Why towns separated by U.S.-Mexico border closings are fighting back


#1

It was the first time in a year that the two girls would see their grandmother and aunt, and they were dressed for the occasion…
Catching sight of their relatives on the other side of the river, they exploded into wide smiles and waded in, yelling and waving while trying to hold onto the bouquets of red roses they had for the women.

Eventually, dozens of other Texans and Mexicans followed suit, albeit with a little more hesitation, given that U.S. Border Patrol agents lingered above on a hill. By the end of the day, relatives and friends packed that corner of the river dancing, singing and grilling on both sides…

Crossing between the towns used to mean a couple of minutes wading across the river. Residents now face a four-hour trek through the nearest official crossing.

Source

Sounds like a fun party. It’s unfortunate that geopolitical realities have damaged relationships across both our southern and northern borders, but it is what it is.


#2

Just curious if you have a source other than aljazerra?


#3

Here is one:
texasmonthly.com/story/lajitass-fiesta-protesta-against-closed-border

“We didn’t just want to protest the border being closed, we wanted to show all the wonderful things that were lost when it was,” Haislip said. And so they began planning Voices From Both Sides as an international “fiesta protesta.”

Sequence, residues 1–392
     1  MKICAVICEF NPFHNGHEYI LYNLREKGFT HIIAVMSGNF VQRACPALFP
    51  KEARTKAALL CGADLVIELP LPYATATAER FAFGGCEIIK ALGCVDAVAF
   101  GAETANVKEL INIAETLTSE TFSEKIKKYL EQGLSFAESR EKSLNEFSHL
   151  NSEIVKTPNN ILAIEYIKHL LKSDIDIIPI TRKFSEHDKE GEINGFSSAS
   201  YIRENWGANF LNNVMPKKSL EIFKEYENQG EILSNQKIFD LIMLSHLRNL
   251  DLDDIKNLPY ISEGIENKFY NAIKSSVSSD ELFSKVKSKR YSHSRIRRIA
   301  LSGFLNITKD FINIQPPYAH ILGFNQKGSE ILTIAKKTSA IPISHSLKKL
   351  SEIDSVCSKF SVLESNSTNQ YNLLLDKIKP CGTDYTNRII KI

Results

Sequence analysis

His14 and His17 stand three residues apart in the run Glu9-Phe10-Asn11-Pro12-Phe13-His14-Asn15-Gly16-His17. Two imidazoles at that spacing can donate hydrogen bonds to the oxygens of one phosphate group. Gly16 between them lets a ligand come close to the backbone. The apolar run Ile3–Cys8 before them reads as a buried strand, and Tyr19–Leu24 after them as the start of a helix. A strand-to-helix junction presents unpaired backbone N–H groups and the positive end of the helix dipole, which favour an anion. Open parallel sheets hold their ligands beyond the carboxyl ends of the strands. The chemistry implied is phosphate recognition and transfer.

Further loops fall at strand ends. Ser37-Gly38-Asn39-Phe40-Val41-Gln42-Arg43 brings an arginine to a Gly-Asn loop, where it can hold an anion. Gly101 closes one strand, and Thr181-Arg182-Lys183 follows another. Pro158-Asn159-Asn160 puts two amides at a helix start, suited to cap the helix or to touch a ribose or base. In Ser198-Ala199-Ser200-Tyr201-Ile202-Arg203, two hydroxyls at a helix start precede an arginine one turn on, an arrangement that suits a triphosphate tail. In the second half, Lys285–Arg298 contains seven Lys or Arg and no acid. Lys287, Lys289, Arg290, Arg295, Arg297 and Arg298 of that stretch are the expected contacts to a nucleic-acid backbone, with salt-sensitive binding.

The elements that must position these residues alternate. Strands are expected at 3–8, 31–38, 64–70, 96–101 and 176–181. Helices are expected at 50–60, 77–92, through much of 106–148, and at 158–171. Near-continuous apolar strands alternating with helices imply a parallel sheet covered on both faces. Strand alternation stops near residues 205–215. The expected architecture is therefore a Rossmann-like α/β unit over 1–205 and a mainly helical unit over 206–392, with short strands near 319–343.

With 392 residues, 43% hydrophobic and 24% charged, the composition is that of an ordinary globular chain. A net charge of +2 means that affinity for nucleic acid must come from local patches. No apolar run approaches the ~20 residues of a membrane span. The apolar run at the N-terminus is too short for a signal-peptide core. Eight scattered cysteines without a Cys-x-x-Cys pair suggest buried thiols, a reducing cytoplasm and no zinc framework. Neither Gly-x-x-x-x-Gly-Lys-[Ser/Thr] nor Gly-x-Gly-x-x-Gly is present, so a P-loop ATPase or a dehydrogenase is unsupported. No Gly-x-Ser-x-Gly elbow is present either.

Haislip and Ryan joined the leaders of Paso Lajitas and San Carlos, a larger Mexican town fifteen miles south of the Rio Grande, in organizing the effort.

“We want to show the importance of opening this passage, for cultural and economic reasons,” the mayor of San Carlos, Benjamin Ortiz, said through a translator.

For decades, the Paso Lajitas crossing, used by a range of people, from Comanches to nineteenth-century quicksilver miners to tourists, was one of several “unpatrolled ports of entry” in this rugged, sparsely populated Big Bend region of Texas. In the nineties, that designation was removed, but unofficial border crossings persisted, tacitly permitted by local and federal authorities. Lee Penland, chief of the Big Bend Valley Volunteer Fire Department, recalled exploring Paso Lajitas during fishing expeditions with his children during the nineties. “You could just come and go. There never were any problems,” Penland said.


#4

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